The October issue of Labor, the monthly organ of the British Trades Union Congress and the Labor Party, contains a very interesting article on the boycott of Nazi Germany, which describes the different ways of carrying out the boycott and gives a list of the most important goods concerned. Regarding the pros and cons of the boycott, the article says:
On the face of it, this policy might appear to provoke certain objections. For instance, do we want to establish a precedent which might be used to justify the boycott of a newly established Socialist State? Might it not prove to be a dangerous expedient, suggestive of reprisals? Will it not involve the suffering of the innocent with the guilty, including the very victims we wish to help? Regarded from the ethical point of view, is it not doing evil that good may come? Furthermore, can the individual do anything commensurate with the inconvenience to himself? Is he not too infinitesimal a factor to count in large political and economic movements? Lastly, may we not bring more unemployment down upon ourselves, if Germany should retaliate?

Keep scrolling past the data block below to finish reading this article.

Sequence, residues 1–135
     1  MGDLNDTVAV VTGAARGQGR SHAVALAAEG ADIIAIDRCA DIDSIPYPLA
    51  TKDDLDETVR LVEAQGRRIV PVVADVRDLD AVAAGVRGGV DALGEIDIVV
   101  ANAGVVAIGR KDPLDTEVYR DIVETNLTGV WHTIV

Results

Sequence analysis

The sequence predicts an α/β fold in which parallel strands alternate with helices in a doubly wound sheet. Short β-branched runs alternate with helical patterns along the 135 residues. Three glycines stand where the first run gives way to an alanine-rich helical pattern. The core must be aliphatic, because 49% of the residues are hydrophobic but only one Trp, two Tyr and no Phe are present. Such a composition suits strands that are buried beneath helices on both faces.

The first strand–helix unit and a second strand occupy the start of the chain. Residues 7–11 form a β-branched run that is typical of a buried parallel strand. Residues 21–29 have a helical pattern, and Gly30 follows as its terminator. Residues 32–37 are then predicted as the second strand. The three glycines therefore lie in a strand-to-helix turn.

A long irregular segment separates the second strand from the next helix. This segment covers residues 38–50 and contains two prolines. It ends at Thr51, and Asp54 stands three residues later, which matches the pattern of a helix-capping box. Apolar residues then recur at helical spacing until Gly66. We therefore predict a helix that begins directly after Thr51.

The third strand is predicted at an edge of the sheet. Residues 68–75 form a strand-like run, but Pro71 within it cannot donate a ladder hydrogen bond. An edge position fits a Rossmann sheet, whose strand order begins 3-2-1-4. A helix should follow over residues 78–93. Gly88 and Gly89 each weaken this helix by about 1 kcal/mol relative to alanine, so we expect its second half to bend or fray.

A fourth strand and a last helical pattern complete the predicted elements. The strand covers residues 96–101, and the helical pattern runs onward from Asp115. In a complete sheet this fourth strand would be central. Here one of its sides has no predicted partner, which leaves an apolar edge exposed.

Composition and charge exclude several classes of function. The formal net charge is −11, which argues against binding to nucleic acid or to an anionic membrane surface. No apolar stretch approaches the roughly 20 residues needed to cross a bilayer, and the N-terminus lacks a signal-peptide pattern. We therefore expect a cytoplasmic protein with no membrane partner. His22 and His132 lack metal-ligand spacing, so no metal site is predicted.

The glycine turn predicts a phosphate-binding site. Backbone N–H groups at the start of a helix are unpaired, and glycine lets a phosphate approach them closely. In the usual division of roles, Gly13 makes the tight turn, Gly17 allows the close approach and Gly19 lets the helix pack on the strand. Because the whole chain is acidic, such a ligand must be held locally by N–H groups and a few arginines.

As for the establishment of a precedent, I think we need not consider that. For one thing, the expedient is not a new one; it has been tried on many occasions before, with or without advertisement, and the boycotts which have not announced themselves as such, but have depended on the incitement of mass hatred which will find its natural outlet in an avoidance of the goods of the country in question, have often been very effective indeed.